Poster Theater Flash Session
Aging and Chronic Disease
To compare the gut microbiome and short-chain fatty acids (SCFAs) in subjects with or without mild cognitive impairment (MCI) and study the effect of a modified Mediterranean-ketogenic diet (MMKD) and a low-fat American Heart Association Diet (AHAD) on gut microbiome, SCFAs, and cerebrospinal fluid (CSF) biomarkers of AD.
A randomized crossover study of MMKD and AHAD interventions is performed on 17 subjects (mean age 63.4yr) with (n=11) or without (n=6) MCI. Subjects undergo MMKD and AHAD intervention for 6-weeks separated by 6-weeks washout. Gut microbiome at the beginning and end of each intervention is analyzed by 16S rRNA gene sequencing and QIIME analysis. Fecal SCFAs are measured by HPLC, and AD biomarkers like amyloid β-40 (Aβ40) and Aβ42, total tau and phosphorylated tau-181 (ptau) are measured in CSF.
At baseline, subjects with or without MCI show no notable difference in microbiome diversity but show specific microbial signatures associated with MCI status. MCI+ve subjects have higher abundance of Firmicutes, Proteobacteria, Enterobacteriaceae, Coriobacteriaceae, Mogibacteriaceae, Phascolarctobacterium and Coprococcus that correlates with lower Aβ40 and Aβ42 and higher tau and ptau. Proteobacteria correlate positively with Aβ42:Aβ40 while propionate correlates negatively with Aβ42 in MCI+ve subjects. The abundance of Enterobacteriaceae, Akkermansia, Slackia, Christensenellaceae and Erysipelotriaceae is increased while that of Bifidobacterium and Lachnobacterium is reduced by MMKD; whereas AHAD increases Mollicutes_Rf39. MMKD slightly reduces lactate and acetate while increasing propionate and butyrate. Conversely, AHAD increases acetate and propionate while reducing butyrate.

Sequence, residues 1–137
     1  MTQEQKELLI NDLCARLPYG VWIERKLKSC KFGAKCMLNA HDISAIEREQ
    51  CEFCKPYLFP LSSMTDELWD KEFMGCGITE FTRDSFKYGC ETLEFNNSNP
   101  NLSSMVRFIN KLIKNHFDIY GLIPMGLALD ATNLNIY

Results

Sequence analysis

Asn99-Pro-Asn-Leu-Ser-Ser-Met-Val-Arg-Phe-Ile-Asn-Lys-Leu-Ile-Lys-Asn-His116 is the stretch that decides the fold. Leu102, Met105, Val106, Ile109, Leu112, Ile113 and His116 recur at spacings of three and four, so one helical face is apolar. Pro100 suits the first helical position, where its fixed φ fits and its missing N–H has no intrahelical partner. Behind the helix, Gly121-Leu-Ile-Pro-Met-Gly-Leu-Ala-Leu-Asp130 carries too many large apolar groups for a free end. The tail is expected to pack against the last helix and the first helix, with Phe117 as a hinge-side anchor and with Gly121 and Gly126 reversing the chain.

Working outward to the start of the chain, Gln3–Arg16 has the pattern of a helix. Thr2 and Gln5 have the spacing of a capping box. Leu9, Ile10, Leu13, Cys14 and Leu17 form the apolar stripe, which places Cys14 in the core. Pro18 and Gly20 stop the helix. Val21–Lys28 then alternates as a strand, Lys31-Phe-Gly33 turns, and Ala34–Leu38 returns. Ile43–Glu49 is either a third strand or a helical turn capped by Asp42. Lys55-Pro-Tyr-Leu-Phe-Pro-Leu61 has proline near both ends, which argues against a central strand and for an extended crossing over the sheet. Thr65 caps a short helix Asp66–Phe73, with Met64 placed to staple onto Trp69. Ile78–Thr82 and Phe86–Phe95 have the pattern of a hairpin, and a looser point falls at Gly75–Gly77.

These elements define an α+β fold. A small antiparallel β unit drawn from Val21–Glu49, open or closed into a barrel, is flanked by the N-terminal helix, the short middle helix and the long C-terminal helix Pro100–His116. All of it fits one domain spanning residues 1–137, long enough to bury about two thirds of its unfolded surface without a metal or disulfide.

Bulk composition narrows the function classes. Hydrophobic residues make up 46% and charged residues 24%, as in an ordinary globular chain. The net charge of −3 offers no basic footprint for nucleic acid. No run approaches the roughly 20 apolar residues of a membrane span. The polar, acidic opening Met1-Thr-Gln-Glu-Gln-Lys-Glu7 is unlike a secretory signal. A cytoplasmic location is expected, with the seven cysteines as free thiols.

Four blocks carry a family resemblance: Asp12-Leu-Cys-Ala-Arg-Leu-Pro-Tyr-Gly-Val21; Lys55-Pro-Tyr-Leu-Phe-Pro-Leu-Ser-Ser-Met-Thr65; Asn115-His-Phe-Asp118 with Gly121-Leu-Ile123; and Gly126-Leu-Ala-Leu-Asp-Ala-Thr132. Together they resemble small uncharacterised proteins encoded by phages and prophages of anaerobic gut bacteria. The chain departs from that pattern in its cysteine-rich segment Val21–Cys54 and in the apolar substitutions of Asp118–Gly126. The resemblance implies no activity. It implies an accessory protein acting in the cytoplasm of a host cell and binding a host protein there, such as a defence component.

Specific gut microbial signatures can present as markers of MCI. MMKD can modulate the gut microbiome and metabolites in association with improved AD biomarkers, suggesting that MMKD could ameliorate MCI or AD in humans.
Funding Sources :
National Institutes of Health; US Department of Defense; Center for Diabetes, Obesity and Metabolism at the Wake Forest School of Medicine.